Bithumb Recovers Half of Coins Lost in Hack
Some good news to come out of the world of bitcoin last week was the announcement that hacked exchange Bithumb had recovered nearly half of all coins lost in the attack the week before. To thank was an enhanced amount of cooperation between major exchanges who helped the Korean exchange trace coins stolen from its account. Unlike with many other hacks of this degree (some $14 million in funds still remains at large out of the $31 million total), Bithumb has pledged a full reimbursement of lost coins to its customers, and trading has resumed on the exchange as normal. One of the largest exchanges in the world, and the second largest in Korea, Bithumb lists 37 coins for trading and has a volume of about $131 million in trades every 24 hours.
The government of South Korea has had an interesting relationship with cryptocurrency over the years, one of the few national bodies to both heavily regulate and embrace blockchain technology at the same time. In July 2017, they became one of the first countries to legalize bitcoin as a method of remittance, meaning workers could opt to have a portion of their salary paid in bitcoin (up to $20,000 per pay period). Behind the U.S. and Japan, Korea is the 3rd biggest bitcoin trading market in the world, with 14% of all trades occurring within its borders. At the same time, anonymous trading has been banned and the country has implemented strict Know Your Customer (KYC) and Anti-Money Laundering (AML) policies in the licensing of its exchanges. The country of 51 million has big plans in 2018 for crypto, aiming to establish itself as a “blockchain haven” for companies in the industry worldwide.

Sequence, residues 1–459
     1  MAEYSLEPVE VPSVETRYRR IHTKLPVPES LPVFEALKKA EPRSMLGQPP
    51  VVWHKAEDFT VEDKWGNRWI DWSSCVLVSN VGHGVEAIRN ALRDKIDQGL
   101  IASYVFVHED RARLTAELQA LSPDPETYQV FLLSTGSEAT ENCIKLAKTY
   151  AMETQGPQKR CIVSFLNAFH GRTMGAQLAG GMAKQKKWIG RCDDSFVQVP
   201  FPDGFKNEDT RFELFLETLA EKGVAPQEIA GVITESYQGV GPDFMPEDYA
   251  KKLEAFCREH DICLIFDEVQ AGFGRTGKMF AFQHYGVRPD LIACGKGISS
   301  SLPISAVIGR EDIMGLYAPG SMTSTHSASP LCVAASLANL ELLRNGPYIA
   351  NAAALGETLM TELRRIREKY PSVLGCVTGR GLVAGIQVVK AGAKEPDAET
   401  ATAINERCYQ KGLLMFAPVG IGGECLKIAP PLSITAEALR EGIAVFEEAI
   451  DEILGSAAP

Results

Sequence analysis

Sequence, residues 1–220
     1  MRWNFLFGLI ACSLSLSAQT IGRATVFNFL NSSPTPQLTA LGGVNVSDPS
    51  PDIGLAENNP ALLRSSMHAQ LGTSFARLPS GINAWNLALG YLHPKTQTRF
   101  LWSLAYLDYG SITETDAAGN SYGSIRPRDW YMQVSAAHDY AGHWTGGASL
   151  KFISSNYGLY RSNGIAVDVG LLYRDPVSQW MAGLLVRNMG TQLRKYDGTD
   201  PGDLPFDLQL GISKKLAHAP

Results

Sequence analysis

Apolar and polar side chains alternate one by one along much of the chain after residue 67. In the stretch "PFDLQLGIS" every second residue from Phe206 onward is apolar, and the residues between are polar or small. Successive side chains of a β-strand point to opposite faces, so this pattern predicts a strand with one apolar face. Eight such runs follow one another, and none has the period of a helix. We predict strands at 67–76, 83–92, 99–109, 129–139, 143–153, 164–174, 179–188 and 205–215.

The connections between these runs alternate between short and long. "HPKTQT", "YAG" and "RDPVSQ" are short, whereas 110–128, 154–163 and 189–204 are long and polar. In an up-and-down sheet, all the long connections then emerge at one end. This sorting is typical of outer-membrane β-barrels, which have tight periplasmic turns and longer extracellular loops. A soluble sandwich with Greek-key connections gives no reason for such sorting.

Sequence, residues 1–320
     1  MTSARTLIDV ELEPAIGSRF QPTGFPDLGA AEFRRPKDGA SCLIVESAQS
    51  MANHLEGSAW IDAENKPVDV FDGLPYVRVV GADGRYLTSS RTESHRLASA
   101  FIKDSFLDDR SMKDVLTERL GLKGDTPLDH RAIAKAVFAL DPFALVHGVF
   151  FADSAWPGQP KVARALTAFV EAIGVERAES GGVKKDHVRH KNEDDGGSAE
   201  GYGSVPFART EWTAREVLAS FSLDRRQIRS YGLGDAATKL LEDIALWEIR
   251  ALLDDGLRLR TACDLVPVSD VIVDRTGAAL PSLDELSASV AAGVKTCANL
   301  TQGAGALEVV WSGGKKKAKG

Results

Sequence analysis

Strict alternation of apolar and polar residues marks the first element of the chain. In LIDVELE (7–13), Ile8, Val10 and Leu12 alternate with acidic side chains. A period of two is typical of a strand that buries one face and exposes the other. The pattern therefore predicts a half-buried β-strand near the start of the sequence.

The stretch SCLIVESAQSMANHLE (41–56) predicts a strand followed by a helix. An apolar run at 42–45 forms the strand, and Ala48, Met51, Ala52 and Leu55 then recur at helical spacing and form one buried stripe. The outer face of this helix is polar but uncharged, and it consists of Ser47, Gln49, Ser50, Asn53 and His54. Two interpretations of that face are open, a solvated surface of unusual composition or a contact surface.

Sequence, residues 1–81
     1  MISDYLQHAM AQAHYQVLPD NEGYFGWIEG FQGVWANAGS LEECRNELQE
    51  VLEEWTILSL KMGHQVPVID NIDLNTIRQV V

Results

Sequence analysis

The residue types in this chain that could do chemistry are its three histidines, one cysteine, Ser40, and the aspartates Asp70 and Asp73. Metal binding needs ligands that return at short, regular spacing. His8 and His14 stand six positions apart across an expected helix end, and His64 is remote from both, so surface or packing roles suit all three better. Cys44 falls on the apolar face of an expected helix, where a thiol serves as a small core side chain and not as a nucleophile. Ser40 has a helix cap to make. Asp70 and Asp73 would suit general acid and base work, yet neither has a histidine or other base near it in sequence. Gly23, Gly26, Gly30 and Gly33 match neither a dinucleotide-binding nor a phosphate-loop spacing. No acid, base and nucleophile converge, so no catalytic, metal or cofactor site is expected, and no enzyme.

Facebook Reverses ICO Ad Ban